Once he finally makes it to California, Sal feels even more acutely the ending of everything, literally and metaphorically: “Here I was at the end of America – no more land – and now there was nowhere to go but back.”[57] Sal cannot divorce his desire for Heaven from his desire for Earth, which he freely associates with the female gender, pining romantically, “Oh where is the girl I love? I thought, and looked everywhere, as I had looked everywhere in the little world below… There is something brown and holy about the East.”[58] He passes through wine country down the Grapevine Pass, and the double entendre with the parable of the vine and the branches likely does not escape Kerouac’s attention as a verbal stylist.

Sal’s tryst with a Mexican maiden named Terry during their pilgrimage to Los Angeles highlights how love and loneliness, beginnings and endings, intertwine themselves in his life, like a couple of lost angels: “Then, two tired angels of some kind, hung-up forlornly in an LA shelf, having found the closest and most delicious thing in life together.”[59] As Hipkiss writes that “the quest for ecstasy and oneness with God has perpetuated an incorrigible loneliness, the final position of the quintessential Beat.”[60] In fact, he hallows the whole metropolis, given its Spanish appellation, as “all of it under those soft Southern California stars that are lost in the brown halo of the huge desert encampment LA really is.”[61]

However, Hollywood is a sanctuary of cinematic pilgrimage, as Kerouac himself confides through his protagonist Sal: “Everybody had come to make the movies, even me.”[62] Instead, he enjoys the fine life: “Ah, it was a fine night, a warm night, a wine-drinking night, a moony night, and a night to… be heavengoing. This we did.”[63] Sal conflates romance with Paradise, and every time Terry says “manana,” he thinks it must mean “heaven.”[64] Furthermore, he attributes a salvific agency to her very presence when God seems to be absent: “I looked up at the dark sky and prayed to God for a better break in life and a better chance to do something for the little people I loved. Nobody was paying attention to me up there. I should have known better. It was Terry who brought my soul back.”[65] In the final assessment, no film is a match for the prospect of the Elysian reaches that Sal has really sought to achieve, whether through friendship, love, adventure, or prayer.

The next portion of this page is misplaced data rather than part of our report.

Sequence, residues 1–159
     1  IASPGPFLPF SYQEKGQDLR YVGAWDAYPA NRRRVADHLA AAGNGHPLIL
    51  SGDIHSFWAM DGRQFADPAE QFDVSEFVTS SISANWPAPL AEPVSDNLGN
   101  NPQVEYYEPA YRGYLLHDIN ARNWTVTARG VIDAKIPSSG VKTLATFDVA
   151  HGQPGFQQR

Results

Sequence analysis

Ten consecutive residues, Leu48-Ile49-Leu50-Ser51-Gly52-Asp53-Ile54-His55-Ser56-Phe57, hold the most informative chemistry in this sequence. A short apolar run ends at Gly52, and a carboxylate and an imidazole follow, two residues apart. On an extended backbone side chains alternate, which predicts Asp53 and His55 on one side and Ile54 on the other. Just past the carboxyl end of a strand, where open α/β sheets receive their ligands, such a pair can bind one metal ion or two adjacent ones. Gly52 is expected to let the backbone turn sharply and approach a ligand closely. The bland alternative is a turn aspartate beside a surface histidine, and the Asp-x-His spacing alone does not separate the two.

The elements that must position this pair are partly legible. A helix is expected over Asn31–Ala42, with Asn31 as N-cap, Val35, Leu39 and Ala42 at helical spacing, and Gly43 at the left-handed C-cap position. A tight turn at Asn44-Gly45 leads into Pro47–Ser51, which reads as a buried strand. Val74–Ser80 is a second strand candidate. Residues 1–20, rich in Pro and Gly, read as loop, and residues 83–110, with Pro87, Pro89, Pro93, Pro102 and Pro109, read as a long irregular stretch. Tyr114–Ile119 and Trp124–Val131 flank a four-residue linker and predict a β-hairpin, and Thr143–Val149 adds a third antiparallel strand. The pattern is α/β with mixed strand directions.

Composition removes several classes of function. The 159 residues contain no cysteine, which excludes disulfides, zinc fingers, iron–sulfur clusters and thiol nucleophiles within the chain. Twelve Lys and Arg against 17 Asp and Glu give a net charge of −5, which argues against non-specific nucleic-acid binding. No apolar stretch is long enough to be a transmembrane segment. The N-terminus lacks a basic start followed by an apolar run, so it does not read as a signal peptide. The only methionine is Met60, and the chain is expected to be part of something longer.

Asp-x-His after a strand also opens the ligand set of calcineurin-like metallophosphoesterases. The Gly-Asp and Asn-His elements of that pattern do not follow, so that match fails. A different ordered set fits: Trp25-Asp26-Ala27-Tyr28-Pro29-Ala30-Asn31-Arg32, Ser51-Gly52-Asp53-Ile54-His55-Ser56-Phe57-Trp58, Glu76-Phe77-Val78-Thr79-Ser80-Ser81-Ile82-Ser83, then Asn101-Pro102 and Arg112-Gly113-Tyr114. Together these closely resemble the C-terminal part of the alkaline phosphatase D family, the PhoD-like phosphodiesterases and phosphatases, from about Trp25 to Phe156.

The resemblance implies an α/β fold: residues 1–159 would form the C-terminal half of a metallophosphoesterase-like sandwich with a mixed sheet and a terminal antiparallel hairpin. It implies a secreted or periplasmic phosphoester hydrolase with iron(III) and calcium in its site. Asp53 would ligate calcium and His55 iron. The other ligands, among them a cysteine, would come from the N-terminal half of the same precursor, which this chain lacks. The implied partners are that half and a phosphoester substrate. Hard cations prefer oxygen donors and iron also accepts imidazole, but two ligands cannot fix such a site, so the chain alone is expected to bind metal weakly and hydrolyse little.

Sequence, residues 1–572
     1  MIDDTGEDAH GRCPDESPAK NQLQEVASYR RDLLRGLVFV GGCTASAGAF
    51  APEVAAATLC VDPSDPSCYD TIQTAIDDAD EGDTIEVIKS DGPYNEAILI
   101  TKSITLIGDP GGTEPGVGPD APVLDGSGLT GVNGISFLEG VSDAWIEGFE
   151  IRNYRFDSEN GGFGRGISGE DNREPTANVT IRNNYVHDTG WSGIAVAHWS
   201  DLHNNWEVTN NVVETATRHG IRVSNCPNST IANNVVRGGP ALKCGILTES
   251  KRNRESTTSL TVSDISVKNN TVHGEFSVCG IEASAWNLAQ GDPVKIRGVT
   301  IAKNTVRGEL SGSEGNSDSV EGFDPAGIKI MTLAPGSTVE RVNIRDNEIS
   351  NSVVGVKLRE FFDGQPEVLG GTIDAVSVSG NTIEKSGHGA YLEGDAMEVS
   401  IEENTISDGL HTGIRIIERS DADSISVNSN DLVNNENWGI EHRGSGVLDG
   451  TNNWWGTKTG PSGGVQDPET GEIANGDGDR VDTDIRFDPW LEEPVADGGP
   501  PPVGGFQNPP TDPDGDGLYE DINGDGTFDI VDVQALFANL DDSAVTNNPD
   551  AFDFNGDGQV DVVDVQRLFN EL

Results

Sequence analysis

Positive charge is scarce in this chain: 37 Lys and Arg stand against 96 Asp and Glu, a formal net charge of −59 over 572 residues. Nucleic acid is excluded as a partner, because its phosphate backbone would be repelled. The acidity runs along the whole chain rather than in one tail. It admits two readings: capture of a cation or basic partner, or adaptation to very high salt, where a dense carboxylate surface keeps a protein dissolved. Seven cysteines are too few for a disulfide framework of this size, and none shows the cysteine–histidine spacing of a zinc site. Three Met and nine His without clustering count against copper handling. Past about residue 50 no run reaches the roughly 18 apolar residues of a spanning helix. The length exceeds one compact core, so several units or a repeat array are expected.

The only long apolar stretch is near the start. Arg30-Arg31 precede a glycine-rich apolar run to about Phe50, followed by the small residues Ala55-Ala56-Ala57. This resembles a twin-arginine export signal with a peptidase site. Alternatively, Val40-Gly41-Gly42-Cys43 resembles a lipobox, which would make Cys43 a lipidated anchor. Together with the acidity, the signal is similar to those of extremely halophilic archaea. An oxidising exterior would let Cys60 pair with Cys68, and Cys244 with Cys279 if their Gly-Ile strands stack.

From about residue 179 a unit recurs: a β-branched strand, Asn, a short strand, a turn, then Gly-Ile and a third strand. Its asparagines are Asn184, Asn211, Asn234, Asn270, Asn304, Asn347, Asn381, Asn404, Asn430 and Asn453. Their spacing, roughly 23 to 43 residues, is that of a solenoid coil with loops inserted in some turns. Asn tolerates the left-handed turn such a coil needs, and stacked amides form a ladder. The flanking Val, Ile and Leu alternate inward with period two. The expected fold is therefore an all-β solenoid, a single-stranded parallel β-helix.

III. Part 2

In Part 2, Kerouac continues this theme of pilgrimage through the eyes of Sal. Therefore, he paints his newfound guide, Dean, in an eremitical simile: “Dean had to drive with his scarf-wrapped head stuck out the window, with snowglasses that made him look like a monk peering into the manuscripts.”[66] One aspect of Sal’s wandering is his own reconnaissance for a vocation to matrimony: “All these years I was looking for the woman I wanted to marry… so I can rest my soul… This can’t go on all the time… We’ve got to go someplace, find something.”[67] Never-mind the fact that Sal’s first marriage fell apart in divorce, no spouse is God, as any married person will tell you. Nevertheless, Carlo poignantly inquires, “What kind of sordid business are you now? I mean, man, whither goest thou? Whither goest thou, America, in thy shiny car in the night?”[68] Here, Ginsberg’s parallel figure echoes Saint Peter asking Christ “Quo vadis?” when he sees Him walking on the way to Rome, whereupon Our Lord is said to have responded, “To Rome, to be crucified again.” Whether for marriage or not, Sal seeks the sacred, and Carlo detects this august pursuit in them, even if Dean is more scatterbrained about it.